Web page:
Dapagliflozin in combination with verinurad and febuxostat may be useful in the treatment of hyperuricemia, according to study results published in Journal of Clinical Endocrinology & Metabolism. In a randomized clinical trial of patients with asymptomatic hyperuricemia, dapagliflozin further reduced serum uric acid (sUA) levels without increasing urinary UA (uUA) secretion.
The optimal strategy and thresholds for reducing sUA has yet to be identified. Although clinical studies have shown that combining dapagliflozin, a sodium-glucose cotransporter 2 (SGLT2) inhibitor, with febuxostat and verinurad may enhance sUA lowering, it may also result in high uUA excretion rates, and therefore, affect kidney function.
Investigators conducted a randomized placebo-controlled phase 2 study (ClinicalTrials.gov Identifier: NCT03316131) of intense urate-lowering therapy with dapagliflozin to assess its effects on sUA levels and urinary UA excretion.
Patients with asymptomatic hyperuricemia (sUA, >6.0 mg/dL) were enrolled at 2 study sites in the United States. Participants were randomly assigned 1:1 to receive either oral once-daily 9 mg verinurad plus 80 mg febuxostat plus 10 mg dapagliflozin for 7 days (dapagliflozin period), followed by crossover to once-daily 9 mg verinurad plus 80 mg febuxostat plus placebo for 7 days (placebo period); or the same treatment regimens in reverse order. Urine samples were collected hourly for the first 12 hours after dosing, then once more 12 to 24 hours after dosing. The primary outcome was change between baseline and day 7 in peak uUA excretion during the dapagliflozin treatment period.
The study cohort included 36 patients (mean age, 42.3±12.0 years; 97.2% men; 47.2% Black). Mean estimated glomerular filtration rate was 84.5 mL/min/1.73 m2 and mean sUA levels at baseline were 7.3 mg/dL and 6.8 mg/dL during the dapagliflozin and placebo periods, respectively.
After 7 days of treatment, mean sUA concentrations were significantly lower in the dapagliflozin vs placebo group (1.17±0.45 vs 1.51±0.65 mg/dL). Mean sUA reduction was significantly greater in the dapagliflozin period compared to the placebo period (mean treatment difference, -0.7 mg/dL). Neither peak urinary excretion of UA nor total daily urinary excretion of UA were significantly different between the dapagliflozin and placebo periods. Mean change between baseline and day 7 in peak urinary UA excretion rates was -12.9 mg per hour in the dapagliflozin period and -13.2 mg per hour in the placebo period. Peak daily urinary excretion levels were also not significantly different between the dapagliflozin and placebo regimens.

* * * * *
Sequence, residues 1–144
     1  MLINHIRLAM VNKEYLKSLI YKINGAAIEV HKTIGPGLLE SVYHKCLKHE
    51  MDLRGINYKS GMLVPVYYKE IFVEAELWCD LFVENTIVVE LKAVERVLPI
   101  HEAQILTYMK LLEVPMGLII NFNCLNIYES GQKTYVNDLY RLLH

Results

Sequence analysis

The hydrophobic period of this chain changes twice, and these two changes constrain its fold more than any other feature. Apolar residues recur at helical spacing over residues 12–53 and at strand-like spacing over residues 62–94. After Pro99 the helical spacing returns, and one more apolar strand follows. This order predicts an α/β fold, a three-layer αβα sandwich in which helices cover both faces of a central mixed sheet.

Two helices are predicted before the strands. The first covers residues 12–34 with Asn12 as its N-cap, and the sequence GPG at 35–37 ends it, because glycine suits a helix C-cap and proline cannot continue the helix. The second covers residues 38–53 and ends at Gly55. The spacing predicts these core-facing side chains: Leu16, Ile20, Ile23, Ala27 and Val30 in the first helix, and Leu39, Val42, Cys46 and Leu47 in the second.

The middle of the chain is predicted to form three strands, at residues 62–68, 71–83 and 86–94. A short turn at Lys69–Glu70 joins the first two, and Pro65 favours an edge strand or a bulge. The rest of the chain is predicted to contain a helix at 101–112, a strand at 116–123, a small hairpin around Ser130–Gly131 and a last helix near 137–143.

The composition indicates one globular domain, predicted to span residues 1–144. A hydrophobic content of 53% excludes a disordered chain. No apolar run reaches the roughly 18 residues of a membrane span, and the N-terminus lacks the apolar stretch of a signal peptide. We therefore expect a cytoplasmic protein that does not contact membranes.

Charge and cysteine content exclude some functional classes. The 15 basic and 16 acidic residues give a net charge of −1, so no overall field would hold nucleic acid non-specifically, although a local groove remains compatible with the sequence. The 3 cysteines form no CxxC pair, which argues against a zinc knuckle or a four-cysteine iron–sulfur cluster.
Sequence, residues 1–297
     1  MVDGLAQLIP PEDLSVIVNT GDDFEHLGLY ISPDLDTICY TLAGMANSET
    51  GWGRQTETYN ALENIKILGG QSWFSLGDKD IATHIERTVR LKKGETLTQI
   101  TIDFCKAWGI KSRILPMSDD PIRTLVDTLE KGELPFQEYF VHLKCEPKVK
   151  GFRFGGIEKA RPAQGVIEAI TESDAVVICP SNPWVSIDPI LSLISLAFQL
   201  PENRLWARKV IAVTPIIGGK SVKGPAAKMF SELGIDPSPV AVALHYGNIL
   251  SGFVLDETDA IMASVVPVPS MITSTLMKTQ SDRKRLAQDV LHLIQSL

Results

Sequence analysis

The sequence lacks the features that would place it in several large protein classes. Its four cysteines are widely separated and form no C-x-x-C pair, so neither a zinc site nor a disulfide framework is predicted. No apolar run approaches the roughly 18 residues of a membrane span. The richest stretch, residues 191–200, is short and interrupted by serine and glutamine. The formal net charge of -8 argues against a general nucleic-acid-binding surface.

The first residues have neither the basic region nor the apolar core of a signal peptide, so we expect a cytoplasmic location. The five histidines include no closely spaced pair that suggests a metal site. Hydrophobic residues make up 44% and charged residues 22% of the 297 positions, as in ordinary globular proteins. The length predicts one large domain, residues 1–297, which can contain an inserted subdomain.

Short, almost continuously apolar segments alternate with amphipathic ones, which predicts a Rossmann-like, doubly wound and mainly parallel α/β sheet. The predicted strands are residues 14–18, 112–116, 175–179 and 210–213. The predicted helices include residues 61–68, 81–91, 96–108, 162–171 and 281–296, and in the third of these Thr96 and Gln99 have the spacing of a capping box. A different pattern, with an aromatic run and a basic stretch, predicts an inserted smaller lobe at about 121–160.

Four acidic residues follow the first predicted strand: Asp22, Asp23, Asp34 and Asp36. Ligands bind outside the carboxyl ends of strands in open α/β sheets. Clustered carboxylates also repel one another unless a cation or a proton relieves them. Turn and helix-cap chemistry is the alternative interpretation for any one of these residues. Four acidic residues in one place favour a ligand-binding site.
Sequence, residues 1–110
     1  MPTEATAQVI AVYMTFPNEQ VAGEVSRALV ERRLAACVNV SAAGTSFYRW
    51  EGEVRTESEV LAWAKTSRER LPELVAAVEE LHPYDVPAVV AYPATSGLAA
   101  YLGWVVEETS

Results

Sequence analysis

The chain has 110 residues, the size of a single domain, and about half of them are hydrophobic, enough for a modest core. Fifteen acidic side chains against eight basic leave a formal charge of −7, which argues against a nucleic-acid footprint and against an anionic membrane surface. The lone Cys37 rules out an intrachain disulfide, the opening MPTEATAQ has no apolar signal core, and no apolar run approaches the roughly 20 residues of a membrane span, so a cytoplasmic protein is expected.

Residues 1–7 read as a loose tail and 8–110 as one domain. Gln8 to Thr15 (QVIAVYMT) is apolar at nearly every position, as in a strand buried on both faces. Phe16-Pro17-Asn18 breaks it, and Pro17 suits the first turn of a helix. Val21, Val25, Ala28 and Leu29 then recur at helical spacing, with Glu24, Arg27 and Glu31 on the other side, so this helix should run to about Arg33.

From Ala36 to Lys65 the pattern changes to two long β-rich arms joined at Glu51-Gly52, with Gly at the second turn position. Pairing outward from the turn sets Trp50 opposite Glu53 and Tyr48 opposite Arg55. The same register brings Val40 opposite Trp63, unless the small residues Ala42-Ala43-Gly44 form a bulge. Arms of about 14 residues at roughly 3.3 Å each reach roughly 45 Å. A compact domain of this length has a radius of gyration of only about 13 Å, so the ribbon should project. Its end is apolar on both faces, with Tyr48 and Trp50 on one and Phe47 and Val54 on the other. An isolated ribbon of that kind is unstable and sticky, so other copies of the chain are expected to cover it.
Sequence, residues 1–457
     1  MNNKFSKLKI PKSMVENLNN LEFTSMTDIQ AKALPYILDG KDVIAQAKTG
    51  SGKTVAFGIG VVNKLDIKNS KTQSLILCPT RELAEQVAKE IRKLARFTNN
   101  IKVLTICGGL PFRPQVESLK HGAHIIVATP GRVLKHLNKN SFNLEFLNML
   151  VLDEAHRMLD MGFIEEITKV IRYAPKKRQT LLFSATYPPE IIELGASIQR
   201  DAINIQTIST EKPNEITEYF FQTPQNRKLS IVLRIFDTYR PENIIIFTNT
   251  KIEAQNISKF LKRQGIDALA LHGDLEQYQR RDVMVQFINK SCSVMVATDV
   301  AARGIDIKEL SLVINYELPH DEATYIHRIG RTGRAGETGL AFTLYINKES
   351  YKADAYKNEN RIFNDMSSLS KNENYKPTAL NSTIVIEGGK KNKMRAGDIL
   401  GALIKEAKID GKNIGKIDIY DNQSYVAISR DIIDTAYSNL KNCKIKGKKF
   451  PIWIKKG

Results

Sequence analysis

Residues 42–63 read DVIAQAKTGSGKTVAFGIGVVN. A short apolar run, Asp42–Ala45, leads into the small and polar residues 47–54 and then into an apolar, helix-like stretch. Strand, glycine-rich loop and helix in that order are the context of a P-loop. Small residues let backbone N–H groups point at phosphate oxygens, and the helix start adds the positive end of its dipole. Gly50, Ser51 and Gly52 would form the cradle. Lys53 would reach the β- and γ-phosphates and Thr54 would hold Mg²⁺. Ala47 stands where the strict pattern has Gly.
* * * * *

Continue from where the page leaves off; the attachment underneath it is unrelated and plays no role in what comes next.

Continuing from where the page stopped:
These trial data demonstrate that the addition of dapagliflozin to verinurad and febuxostat does not increase urinary excretion rates of UA in patients with asymptomatic hyperuricemia. Dapagliflozin was also associated with increased sUA lowering capacity compared to verinurad and febuxostat only.
The primary study limitation is the small sample size and the exclusion of patients with symptomatic hyperuricemia. Further research in a larger cohort is necessary to better understand the benefits and safety of dapagliflozin.
“These findings suggest that combining dapagliflozin with a verinurad-based intensive UA-lowering strategy can further reduce sUA levels without adversely affecting kidney function,” the investigators wrote. “Given the potential adverse consequences of hyperuricemia on clinical outcomes and the likely substantial benefits of SGLT2 inhibitors in high-risk cardiorenal populations, strategies that combine an SGLT2 inhibitor with an intensive UA-lowering strategy may lead to greater clinical benefits.”
Disclosure: This clinical trial was supported by AstraZeneca. Several study authors declared affiliations with the pharmaceutical industry. Please see the original reference for a full list of authors’ disclosures.
Stack AG, Han D, Goldwater R, et al. Dapagliflozin added to verinurad plus febuxostat further reduces serum uric acid in hyperuricemia: the QUARTZ study. J Clin Endocrinol Metab. Published online October 19, 2020. doi:10.1210/clinem/dgaa748
This article originally appeared on Rheumatology Advisor